Russia's Kola [Archive] - Fly Fishing Forum

: Russia's Kola

05-06-2005, 02:45 PM
Those of you who have had the pleasure of fishing in Russia in your view which is the best river and why?


05-09-2005, 06:09 AM
I hear that the rynda is good, I also recal reading about it in a magazine, does anyone know of it and if so what is it like?


05-09-2005, 09:17 AM
I've never fished there, but Cabela's Outfitter Journal had a program on it recently. I can't remember what river they were fishing, but the fish were all HUGE! It looked a lot like Alaska or Quebec, beautiful scenery.

05-09-2005, 10:04 AM
I have no personal experience, but from what I do know you need to be quite clear what sort of experience you're after when it comes to choosing a river and a time to visit.

There are places where you can catch 100 fish in a week, but they are likely to be almost all grilse. On other rivers a tenth of that number might be a good result, but you have a fair chance of a 20lb fish, and possibly one a good deal bigger than that. Do you get pleasure from fishing with deeply sunk lines and heavy flies, or do you want to experience seeing a salmon come up to a dry fly and be able to play around with a single handed rod?

Some rivers are huge, and I believe can be quite daunting to fish, as well as potentially dangerous. Two English guys died last year when their boat overturned on one of the larger rivers, despite wearing life jackets. Others rivers are more like what you may be used to in the British Isles. Do you like pools which are identifiable, and where you can 'read the water' yourself, or are you content to be told by the guide where to fish and to follow his instructions?

Are you happy flying around in Russian ex-military helicopters? Most rivers rely on these to get you in and out of Murmansk, but some also use them on a daily basis to deliver you to your beat. There is obviously a degree of risk involved in this; you may have read an article by David Profumo a couple of years ago describing a crash he suffered in one. Fog seems to be a not uncommon occurrence on the Kola, and might curtail your activities if you are reliant on choppers. On the other hand I think there's one river which doesn't need to use them even to get into and out of the camp from Murmansk, which might be an attraction if prefer to avoid that sort of thing.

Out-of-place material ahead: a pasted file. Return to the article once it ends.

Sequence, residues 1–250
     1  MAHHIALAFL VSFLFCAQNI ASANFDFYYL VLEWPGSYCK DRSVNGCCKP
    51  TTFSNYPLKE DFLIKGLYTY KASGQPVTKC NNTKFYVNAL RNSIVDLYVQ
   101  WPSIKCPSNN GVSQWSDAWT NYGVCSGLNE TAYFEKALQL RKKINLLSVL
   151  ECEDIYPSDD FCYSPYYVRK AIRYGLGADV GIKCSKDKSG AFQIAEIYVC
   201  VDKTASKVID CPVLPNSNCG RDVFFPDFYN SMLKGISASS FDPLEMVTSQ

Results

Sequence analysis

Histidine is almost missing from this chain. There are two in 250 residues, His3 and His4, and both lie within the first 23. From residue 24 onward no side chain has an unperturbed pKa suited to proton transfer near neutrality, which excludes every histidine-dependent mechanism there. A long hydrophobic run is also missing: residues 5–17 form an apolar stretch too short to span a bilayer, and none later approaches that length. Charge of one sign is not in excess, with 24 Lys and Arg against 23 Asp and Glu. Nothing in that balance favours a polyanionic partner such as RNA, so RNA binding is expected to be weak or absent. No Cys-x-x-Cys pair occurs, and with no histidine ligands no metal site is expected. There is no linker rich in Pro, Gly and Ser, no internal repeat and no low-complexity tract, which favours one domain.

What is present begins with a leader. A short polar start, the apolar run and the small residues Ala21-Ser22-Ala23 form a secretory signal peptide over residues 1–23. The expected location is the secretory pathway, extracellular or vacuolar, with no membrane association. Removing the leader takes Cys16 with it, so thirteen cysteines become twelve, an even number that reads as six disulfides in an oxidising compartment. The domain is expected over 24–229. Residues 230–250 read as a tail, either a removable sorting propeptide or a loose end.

There is also the camp to consider. I think they are mostly pretty comfortable these days, but this was not always the case, and you might wish to check this out. Would you mind if you found yourself in a party with a lot of hard-drinking Finns, for example? Would you rather be in an English-speaking establishment, or is your Finnish sufficiently good that this wouldn't be a problem?

I think you need to work out where your priorities lie, and then start talking to people to establish which river best meets these criteria. One person's idea of 'best' may not be the same as another's.

05-25-2005, 09:54 AM

I was on the Ponoi a few years ago and I can tell you that it was tremendous.

The camp was very well run, the food was great, the equipment was fine. Regarding the helicopters, the one we flew out to the camp in (2.5hr flight) was nicely patched up from 50cal holes put in it in Afganistan.

14 of us fished for 5 days and caught 900 salmon. Not much dry water, but a lot of takes on skating wets. We didn't catch fresh run fish until the last day!!

No hassles, great guides, great home pool after dinner fishing. Fished at 2AM in a snow storm.... June 24th...... Otherwise the weather was overcast, 65-75 during the day and 40s at night.

If you can go, do it.


06-16-2005, 06:20 PM
I fished the Rynda last year (Aug 2004) through the ASR Youth Program and had a great time although the weather was more suitable for sunbathing than fishing. The Rynda is a mid sized river and has a good mixture of pools and the chance of hooking a 30lb+ fish, the record stands at 46lbs. I caught 9 fish for the week on both drys and wets which was very good conciddering the weather conditions (30c air temp 20+c water temp and no cloud cover for the whole week). Most of the fish that I caught were fairly fresh, some had sea lice and only 1 was coloured. I did not go out there to catch large numbers of small fish, I went out there to beat my personal best which I did 3 times in 1 day. The camp is excellent. The guides are great and the food is out of this world. The helicopters are old but well looked after and the pilot was very good. I had never flown in a helicopter until this trip and was a little nervous about them but by the end of the week it felt as normal as jumping in and out of a taxi. I am going back to Rynda this year at the end of August hoping that the weather conditions are more suitable for fishing and to set a new personal best. Will post a thread in the Clasic Atlantic Salmon section when I return. Just 1 last thing to add if you get the chance to go then take it even if you have to make some sacrifices or borrow some of the money to get there as it is an experience that you will never forget.

06-30-2005, 03:55 PM
I fished the Umba in 2002. I enjoyed the trip very much despite many hassles with British Airways. The river is reached by van, 7 hours out of Murmansk - no helicopters whatsoever. I'd say it was more of a not so many fish, but a good chance for a large one, type river. A few were taken over 20# that week and I landed an 18 pounder. Its now under new management so that will no doubt change the situation somewhat.